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Father and Sons

Father and Sons

Bakhtali is a teacher in Kret village, Wakhan valley. He lives with his wife and four children in a traditional muddy house.

Sparsely populated and well hidden from the rest of the world, Wakhan Corridor is as medieval today as it was over 700 years ago when Marco Polo passed through. The awkward tongue of Afghanistan, located at the northeastern tip of the country, is a 200-mile-long valley that stretches between Tajikistan and Pakistan. A strategic territory created by the once-reigning British Empire at the end of the 19th century, Wakhan Corridor was first attached to Afghan territory as a buffer zone between Britain and Russia.

Though the battle for supremacy between the two giants has long ended, little seems to have changed since then. Time has been suspended for what seems like eternity. The corridor’s isolation from the rest of the world makes Afghan’s narrow passage – only 10 miles wide – at once mysterious and enchanting. With the snow-capped mountains surrounding the region, it’s easy for outsiders to forget the once-vital passageway between the Eastern and Western parts of Central Asia. It took me more than five days to reach Ishkashim, the tip of Wakhan Corridor, by public transportation from Kabul. Wobbly and narrow wooden bridges hang over fierce river streams; the steep mountain slopes are probably one of the reasons why the Taliban never bothered to control the area.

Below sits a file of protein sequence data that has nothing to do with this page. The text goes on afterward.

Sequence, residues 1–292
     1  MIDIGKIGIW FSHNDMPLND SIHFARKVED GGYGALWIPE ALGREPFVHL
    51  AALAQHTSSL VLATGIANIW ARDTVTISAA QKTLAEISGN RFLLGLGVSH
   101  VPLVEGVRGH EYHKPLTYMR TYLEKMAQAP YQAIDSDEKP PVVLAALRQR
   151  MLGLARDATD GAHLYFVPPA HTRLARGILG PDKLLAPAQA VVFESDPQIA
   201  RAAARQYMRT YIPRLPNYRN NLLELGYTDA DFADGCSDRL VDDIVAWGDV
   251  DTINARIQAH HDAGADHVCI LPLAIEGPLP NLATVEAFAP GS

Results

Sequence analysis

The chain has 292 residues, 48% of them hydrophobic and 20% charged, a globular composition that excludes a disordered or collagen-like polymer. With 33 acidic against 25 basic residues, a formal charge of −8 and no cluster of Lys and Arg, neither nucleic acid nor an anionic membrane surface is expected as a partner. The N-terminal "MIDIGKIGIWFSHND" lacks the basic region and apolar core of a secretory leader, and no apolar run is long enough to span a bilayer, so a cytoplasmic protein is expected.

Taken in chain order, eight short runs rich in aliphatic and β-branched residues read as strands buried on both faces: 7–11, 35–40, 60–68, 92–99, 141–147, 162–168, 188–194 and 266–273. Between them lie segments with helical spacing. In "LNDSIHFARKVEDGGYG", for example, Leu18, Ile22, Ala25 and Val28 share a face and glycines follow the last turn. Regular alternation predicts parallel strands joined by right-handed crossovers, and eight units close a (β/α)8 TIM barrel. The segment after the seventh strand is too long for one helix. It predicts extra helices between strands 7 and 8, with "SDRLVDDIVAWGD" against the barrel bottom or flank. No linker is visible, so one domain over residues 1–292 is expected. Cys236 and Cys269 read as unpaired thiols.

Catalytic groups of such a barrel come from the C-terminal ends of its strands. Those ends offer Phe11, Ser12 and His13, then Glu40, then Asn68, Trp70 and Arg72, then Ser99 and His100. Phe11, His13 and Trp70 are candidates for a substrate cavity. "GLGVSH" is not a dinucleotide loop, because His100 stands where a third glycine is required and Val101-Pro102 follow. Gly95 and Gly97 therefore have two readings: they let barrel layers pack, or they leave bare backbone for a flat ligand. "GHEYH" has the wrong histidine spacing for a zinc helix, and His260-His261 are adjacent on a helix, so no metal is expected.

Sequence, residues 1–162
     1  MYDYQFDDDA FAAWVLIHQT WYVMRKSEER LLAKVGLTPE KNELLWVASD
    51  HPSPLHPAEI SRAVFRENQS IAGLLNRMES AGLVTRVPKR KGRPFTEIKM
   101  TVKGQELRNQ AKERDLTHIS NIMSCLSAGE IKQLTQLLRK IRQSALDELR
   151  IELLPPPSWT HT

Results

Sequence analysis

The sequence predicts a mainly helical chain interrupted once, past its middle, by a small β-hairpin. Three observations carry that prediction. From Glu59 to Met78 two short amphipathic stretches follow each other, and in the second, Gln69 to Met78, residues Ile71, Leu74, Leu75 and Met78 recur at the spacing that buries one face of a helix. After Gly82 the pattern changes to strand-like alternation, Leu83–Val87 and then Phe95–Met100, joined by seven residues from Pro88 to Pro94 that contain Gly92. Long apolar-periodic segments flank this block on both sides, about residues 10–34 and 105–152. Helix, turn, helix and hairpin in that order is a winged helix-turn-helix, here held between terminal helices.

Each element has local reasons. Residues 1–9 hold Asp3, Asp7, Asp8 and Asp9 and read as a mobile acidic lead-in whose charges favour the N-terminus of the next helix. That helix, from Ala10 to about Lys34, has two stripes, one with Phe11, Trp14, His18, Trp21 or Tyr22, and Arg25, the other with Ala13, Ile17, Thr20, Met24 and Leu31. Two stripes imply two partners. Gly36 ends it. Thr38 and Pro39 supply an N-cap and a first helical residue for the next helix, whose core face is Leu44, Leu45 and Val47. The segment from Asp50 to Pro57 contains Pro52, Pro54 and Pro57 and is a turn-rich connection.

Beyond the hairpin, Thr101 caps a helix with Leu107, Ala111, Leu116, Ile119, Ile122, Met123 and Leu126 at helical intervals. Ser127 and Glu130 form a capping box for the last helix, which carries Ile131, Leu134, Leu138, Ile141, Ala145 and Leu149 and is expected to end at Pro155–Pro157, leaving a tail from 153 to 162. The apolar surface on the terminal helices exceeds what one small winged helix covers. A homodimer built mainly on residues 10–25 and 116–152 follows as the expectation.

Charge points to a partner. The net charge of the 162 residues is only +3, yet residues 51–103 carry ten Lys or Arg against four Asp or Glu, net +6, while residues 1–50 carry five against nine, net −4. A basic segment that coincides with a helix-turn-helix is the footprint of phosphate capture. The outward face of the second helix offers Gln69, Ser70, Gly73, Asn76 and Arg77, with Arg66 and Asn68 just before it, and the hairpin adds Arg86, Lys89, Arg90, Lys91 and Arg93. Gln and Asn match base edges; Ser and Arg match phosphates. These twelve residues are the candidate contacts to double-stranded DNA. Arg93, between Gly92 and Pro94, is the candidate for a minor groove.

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About Agustinus Wibowo

Agustinus is an Indonesian travel writer and travel photographer. Agustinus started a “Grand Overland Journey” in 2005 from Beijing and dreamed to reach South Africa totally by land with an optimistic budget of US$2000. His journey has taken him across Himalaya, South Asia, Afghanistan, Iran, and ex-Soviet Central Asian republics. He was stranded and stayed three years in Afghanistan until 2009. He is now a full-time writer and based in Jakarta, Indonesia. agustinus@agustinuswibowo.com Contact: Website | More Posts

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